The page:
Homeless Memorial Vigil Remembers Homeless in Union County
According to officials, on December 19th at 7:00 p.m., a group of non-profit agencies and interfaith congregations will gather at Zion Evangelical Lutheran Church for the fourth annual Homeless Memorial Vigil.
Officials say this event, which is open to the public, is held on the eve of the day with the least amount of daylight and the longest night, December 20.
The day has been chosen as a time to remember all homeless people who died on the cold streets or living in dangerous abandoned buildings during the past year due to their lack of shelter or care. If we do not remember them, then who will?
“More often than not, most of us have the opportunity to say good-bye to friends and family on or after their passing and have closure,” said Pastor Carmine Pernini of Zion Lutheran.
The annual Homeless Vigil offers the opportunity to remember those who die on the streets (or in abandoned buildings). Zion Lutheran embraces the chance to have a hand in helping God’s children in any way we can.”
The Vigil in Union County comes on the heels of a successful fourth annual Homeless Sabbath Weekend held across Union County held on December 13-15, 2019.
“This event is made all the more important because there is no holiday celebration for the men and women who lost their lives trying to make it to a higher place in this life,” said Leonard Prentice, who experienced homelessness in Union County.
On the night of January 23, 2018, 459 people, including 41 people without shelter, experienced homelessness in Union County, according to NJ Counts 2018, the Point-In-Time count.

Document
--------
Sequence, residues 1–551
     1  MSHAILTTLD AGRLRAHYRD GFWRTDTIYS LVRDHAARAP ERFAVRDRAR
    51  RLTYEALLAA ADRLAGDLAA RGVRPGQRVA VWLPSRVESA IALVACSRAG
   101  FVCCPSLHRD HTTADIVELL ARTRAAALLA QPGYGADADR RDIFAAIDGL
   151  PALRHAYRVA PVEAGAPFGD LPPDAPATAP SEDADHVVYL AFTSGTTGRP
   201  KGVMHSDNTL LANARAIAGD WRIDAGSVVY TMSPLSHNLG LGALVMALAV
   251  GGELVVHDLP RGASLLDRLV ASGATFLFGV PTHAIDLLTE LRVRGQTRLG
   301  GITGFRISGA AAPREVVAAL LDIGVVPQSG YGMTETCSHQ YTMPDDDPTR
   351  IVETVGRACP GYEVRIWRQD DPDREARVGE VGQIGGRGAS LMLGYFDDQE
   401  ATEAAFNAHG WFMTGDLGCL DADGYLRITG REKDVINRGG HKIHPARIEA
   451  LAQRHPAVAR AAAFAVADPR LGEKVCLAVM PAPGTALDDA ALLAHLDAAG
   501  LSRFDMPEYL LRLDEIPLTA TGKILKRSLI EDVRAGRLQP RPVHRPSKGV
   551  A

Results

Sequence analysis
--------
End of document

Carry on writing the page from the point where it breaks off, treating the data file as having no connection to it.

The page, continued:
The Homeless Sabbath Weekend organizers believe that no one should be homeless for the holidays or at any time of the year.
“The housing crisis is a humanitarian issue that we cannot ignore,” says Geleen Donovan, Executive Director, Family Promise of Union County. “Those of us providing homeless shelter and services witness the onslaught of desperation in numbers that are rising on a daily basis.”
The lack of affordable housing in Union County has precipitated a crisis causing working families to become homeless. Due to cuts in state funding, shelter beds are being lost across the state and specifically in Union County.
The loss of the Plainfield YMCA shelter and the closure of Salvation Army shelter beds in Perth Amboy and some shelter beds in Elizabeth forces families and individuals experiencing homelessness to live in their cars, in storage units in abandoned buildings.
These individuals and families are being abandoned and forced to live in places that we would all consider uninhabitable.
Simeria Dewalt, 36 years old, experienced homelessness in Union County with her four children said that it changed her life forever. She became depressed and was suicidal while experiencing homelessness. She and her four children now live in their own apartment in Elizabeth.
Says Simeria, “Now that I have an apartment, my kids and I have a permanent place to stay. Housing is my lifeline and with it, I am able to raise my kids in a safe place with stability and peace and we have a place to call home.”
Simeria attends graduate school, pursuing her master’s degree in social work. She volunteers for the Family Promise Union County program, her son graduated from high school and her three girls are attending school.
Rev. Carmine Pernini speaks about the city of Rahway, “This year, perhaps more than my previous six here, we at Zion have seen an influx of people knocking on the door of the church seeking assistance with rent, medical bills, and food.
Rahway has approximately 30 people who chronically go without shelter living outdoors, sometimes with small children, or in the train vestibule, or behind supermarkets, which provide easy access to food that has been disposed of.
While the Homeless Vigil does not solve systemic homelessness, it allows people to see outside of their own life and look briefly into the challenges of another person’s existence.
The hope, of course, is that we are so moved by the vigil to act, provide relief, and advocate for affordable housing and expanding the number of beds in the county address Union County’s homeless population.”